Impotence, also called erectile dysfunction, in general, the inability of a man to achieve or maintain penile erection and hence the inability to participate fully in sexual intercourse. In its broadest sense the term impotence refers to the inability to become sexually aroused; in this sense it can apply to women as well as to men. In common practice, however, the term has traditionally been used to describe only male sexual dysfunctions. Professional sex therapists, while they identify two distinct dysfunctions as forms of impotence, prefer not to use the term impotence per se. Thus, because of its pejorative connotation in lay usage and because of confusion about its definition, the word impotence has been eliminated from the technical vocabulary in favour of the term “erectile dysfunction.”
Let’s admit that not “talking about anything that could possibly be uncomfortable” is a sure-fire recipe for total disaster. Maybe you’re exaggerating, but if he can’t deal with anything even slightly difficult, then that is a bigger problem than pillow talk. Think about how exactly it would affect everything else in your relationship. He can’t choose not to deal. When good things are happening, it’s a shame he can’t say "I love you0". But when hard things happen, he can’t just say: "Um, pass."
What’s important to take away from this is that, because erections can occur throughout the day for no reason, erectile dysfunction can be difficult to diagnose. Some men achieve erections for no reason, yet when provided with stimuli, they aren’t able to. Some men, on the other hand, only get aroused when directly stimulated. This means that healthcare professionals need to take into account many variables prior to diagnosing and treating erectile dysfunction.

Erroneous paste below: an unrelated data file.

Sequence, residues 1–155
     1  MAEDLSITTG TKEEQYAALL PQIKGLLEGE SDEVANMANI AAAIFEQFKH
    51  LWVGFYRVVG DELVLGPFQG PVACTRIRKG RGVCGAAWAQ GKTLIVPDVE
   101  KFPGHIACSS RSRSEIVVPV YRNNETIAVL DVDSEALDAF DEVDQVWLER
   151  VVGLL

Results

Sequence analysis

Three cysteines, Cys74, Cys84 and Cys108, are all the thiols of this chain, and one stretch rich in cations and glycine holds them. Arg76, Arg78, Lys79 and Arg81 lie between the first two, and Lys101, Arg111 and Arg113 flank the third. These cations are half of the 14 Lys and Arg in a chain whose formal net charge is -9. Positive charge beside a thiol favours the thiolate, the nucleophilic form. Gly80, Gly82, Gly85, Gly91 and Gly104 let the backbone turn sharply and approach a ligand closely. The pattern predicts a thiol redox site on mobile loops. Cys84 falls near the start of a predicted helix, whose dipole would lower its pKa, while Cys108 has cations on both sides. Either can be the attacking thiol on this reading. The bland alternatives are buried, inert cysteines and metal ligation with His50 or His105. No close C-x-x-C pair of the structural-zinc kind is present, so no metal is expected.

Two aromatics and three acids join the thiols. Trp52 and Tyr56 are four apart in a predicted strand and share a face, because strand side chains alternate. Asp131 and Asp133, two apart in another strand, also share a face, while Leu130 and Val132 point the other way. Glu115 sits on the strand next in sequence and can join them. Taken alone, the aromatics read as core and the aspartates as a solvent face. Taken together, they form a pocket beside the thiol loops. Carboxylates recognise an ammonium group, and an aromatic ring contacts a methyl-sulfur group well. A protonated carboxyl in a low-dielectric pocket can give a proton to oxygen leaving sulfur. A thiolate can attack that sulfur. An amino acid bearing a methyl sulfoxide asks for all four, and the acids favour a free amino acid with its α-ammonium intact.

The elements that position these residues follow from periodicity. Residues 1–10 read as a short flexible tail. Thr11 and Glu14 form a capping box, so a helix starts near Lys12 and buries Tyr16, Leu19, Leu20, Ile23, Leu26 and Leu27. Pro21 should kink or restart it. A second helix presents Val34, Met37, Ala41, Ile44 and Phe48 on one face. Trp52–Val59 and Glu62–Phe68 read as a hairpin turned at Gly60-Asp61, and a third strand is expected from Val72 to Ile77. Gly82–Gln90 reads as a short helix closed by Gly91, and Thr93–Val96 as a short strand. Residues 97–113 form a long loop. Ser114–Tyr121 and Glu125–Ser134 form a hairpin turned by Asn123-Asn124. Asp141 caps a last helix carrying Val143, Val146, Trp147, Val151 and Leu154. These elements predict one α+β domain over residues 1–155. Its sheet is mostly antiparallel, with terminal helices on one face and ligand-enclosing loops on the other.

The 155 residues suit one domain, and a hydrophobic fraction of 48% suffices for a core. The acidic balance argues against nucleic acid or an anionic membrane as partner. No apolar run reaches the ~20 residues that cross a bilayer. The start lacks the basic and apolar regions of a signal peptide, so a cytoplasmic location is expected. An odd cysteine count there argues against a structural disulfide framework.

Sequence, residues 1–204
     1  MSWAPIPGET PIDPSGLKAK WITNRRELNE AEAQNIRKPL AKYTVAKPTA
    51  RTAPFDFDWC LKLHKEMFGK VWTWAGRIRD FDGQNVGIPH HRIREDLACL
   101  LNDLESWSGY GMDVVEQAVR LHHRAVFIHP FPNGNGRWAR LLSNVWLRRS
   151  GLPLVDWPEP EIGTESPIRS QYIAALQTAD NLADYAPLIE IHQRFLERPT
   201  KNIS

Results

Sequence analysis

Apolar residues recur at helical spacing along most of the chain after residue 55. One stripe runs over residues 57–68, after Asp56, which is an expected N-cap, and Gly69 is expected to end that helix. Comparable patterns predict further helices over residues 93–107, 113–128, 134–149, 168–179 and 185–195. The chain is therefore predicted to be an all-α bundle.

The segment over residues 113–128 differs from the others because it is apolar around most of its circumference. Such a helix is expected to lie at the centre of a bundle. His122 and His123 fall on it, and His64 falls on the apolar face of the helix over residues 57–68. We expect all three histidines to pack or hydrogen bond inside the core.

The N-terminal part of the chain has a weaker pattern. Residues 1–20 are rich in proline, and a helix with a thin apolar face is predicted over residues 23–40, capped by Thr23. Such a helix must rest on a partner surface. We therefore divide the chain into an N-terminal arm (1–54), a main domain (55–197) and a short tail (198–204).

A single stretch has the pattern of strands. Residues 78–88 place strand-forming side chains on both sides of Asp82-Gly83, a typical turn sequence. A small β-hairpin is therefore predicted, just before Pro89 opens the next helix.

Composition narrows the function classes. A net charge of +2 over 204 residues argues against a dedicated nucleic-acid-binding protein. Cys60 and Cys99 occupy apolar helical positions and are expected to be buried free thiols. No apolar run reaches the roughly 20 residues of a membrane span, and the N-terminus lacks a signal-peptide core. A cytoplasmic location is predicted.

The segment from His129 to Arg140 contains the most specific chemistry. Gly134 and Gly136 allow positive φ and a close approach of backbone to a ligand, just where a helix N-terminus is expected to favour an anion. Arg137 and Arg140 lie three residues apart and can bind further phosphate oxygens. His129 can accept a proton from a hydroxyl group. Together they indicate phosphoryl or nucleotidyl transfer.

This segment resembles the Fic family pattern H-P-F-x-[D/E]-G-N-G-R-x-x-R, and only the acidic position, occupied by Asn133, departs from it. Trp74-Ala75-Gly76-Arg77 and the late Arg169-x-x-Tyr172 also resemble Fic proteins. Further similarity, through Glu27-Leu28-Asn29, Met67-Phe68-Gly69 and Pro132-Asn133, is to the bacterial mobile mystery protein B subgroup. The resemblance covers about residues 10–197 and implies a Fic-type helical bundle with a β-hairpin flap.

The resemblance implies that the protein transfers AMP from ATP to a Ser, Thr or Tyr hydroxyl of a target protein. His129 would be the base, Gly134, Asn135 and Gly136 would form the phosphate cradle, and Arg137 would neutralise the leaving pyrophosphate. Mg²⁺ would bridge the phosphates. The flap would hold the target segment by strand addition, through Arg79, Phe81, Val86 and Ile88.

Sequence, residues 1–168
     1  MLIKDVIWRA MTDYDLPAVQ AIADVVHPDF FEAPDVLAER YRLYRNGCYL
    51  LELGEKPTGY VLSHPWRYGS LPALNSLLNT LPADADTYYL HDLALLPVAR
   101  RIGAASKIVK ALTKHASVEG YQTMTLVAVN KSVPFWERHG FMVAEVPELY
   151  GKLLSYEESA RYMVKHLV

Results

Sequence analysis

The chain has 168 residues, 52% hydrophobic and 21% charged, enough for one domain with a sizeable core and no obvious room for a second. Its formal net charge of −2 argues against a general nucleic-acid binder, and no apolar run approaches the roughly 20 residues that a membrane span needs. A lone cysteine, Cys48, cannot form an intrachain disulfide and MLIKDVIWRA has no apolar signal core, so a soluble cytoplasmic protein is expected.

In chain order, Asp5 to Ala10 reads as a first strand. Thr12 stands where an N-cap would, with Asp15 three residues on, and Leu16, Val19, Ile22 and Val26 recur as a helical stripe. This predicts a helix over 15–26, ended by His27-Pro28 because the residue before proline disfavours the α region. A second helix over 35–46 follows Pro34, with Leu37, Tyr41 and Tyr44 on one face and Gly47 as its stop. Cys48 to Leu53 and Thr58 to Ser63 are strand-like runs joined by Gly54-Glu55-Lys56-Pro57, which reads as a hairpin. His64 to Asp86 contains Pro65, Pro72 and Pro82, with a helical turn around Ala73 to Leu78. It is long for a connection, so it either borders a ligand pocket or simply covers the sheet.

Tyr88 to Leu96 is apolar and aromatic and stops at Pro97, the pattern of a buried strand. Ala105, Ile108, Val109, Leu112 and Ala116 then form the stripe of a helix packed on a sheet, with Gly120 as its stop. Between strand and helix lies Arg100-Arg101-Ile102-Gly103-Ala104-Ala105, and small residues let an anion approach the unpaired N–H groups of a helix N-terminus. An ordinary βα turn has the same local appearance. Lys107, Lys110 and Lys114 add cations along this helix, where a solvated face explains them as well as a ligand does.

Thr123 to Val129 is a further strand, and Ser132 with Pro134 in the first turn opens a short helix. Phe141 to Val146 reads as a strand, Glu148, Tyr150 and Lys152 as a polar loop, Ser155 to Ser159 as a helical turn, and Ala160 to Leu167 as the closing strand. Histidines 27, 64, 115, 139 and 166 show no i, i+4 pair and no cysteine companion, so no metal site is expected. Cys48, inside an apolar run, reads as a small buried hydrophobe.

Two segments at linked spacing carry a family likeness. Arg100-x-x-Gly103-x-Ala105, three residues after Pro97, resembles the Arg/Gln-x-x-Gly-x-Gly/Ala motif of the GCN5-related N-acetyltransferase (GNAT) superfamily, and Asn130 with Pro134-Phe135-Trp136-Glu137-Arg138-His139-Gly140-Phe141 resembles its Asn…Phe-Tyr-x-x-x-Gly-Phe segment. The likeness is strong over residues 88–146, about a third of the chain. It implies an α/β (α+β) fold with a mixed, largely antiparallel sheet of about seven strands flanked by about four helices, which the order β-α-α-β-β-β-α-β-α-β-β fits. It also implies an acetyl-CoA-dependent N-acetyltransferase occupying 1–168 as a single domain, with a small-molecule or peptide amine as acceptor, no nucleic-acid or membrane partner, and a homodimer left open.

Penile erection is managed by two mechanisms: the reflex erection, which is achieved by directly touching the penile shaft, and the psychogenic erection, which is achieved by erotic or emotional stimuli. The former uses the peripheral nerves and the lower parts of the spinal cord, whereas the latter uses the limbic system of the brain. In both cases, an intact neural system is required for a successful and complete erection. Stimulation of the penile shaft by the nervous system leads to the secretion of nitric oxide (NO), which causes the relaxation of smooth muscles of corpora cavernosa (the main erectile tissue of penis), and subsequently penile erection. Additionally, adequate levels of testosterone (produced by the testes) and an intact pituitary gland are required for the development of a healthy erectile system. As can be understood from the mechanisms of a normal erection, impotence may develop due to hormonal deficiency, disorders of the neural system, lack of adequate penile blood supply or psychological problems.[17] Spinal cord injury causes sexual dysfunction including ED. Restriction of blood flow can arise from impaired endothelial function due to the usual causes associated with coronary artery disease, but can also be caused by prolonged exposure to bright light.